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GSK CEO Emma Walmsley on diversity in pharma


emma walmsley GSK
Emma
Walmsley of GlaxoSmithKline poses in this undated photograph
released in London.

Reuters via
handout


  • GSK CEO Emma Walmsley is the first woman to lead a big
    pharmaceutical company. 
  • At an investor conference on Tuesday, she was asked
    about female leadership in the industry. She responded with how
    she thinks of her job — that is, about the company and the
    medicine it makes first, rather than about her
    gender. 
  • Walmsley also said there needs to be a push for more
    diversity in pharma overall, whether that be through better
    representation of race, the LGBT community, or just more
    personalities. 

GlaxoSmithKline CEO Emma Walmsley made history in 2017,
when she became the first woman to head up a major pharmaceutical
company. 

In her first company presentation at an industry conference as
the CEO of GSK, Walmsley was asked about female leadership in the
pharmaceutical industry. She responded not by talking about
gender, but by running through how she thinks about her
responsibilities as CEO. 

“These jobs — and I’m new at it — come with an enormous privilege
and a tremendous responsibility first and foremost to do the job
that we do,” she said, elaborating that it’s all about drug
discovery, development, and distribution of the medications.
There’s also the responsibility she has to shareholders of the
company. 

“I try to define myself personally by my job to deliver on those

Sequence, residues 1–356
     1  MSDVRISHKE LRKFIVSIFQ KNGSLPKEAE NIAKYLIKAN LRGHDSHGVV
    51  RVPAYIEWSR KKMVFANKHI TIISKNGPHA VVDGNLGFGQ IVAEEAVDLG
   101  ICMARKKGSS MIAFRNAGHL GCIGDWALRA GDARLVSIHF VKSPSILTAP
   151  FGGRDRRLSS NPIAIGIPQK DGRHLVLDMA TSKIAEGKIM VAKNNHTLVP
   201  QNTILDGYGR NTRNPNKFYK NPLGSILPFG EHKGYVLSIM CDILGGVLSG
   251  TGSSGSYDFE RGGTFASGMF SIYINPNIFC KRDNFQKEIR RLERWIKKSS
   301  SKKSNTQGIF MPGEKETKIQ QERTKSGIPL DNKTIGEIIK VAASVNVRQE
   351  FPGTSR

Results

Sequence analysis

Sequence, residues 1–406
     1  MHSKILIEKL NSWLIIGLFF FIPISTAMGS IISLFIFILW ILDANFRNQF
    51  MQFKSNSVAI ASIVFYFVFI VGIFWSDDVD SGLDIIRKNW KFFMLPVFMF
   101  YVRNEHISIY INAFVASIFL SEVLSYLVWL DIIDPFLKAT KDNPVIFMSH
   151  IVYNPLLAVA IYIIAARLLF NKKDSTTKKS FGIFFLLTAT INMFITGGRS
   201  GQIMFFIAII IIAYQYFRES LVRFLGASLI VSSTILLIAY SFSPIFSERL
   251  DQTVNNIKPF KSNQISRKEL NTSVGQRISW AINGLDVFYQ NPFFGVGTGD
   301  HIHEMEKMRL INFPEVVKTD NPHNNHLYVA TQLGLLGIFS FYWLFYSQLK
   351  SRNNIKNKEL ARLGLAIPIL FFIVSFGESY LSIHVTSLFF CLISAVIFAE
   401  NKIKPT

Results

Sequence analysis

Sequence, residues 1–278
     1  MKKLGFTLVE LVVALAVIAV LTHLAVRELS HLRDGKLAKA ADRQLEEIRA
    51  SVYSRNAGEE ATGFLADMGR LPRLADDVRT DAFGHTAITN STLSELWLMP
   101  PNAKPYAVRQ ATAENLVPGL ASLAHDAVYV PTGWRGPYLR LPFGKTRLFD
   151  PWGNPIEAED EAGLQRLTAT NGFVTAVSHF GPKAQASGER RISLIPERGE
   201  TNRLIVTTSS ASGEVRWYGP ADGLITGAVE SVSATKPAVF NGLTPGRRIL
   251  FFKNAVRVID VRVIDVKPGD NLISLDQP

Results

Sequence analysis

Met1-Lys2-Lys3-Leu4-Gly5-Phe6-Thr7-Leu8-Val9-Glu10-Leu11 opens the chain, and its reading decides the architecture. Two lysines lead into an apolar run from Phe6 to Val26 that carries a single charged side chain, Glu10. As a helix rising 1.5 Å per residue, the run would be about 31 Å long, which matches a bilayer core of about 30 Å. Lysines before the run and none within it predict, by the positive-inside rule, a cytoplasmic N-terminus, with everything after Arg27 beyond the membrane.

two things first first rather than by my gender. But I recognize
the responsibility I have as a leader, in brackets a little bit,
as a role model, because you’re just more visible whether you
like it or not, you just are more visible for that. And I have —
I want to — represent diversity in that sense.”

But, she said, gender isn’t the only thing that needs to be
better represented, pointing to the LGBT community, racial
diversity, and personality.

“You cannot be a modern employer in an industry that should be
future facing and modernizing arguably much more aggressively
than it is without being very demanding on this topic,” Walmsley
said. “I really do think the part of our trust agenda is being a
modern employer where whoever you are … you can bring the very
best version of yourself to work without fear of any kind of
inappropriate behavior.”

When it comes to leadership rolse especially, that’s important to
promote. 

“We should be much more proactive about sponsoring and supporting
all types of diversity to get to the senior leadership
positions.”


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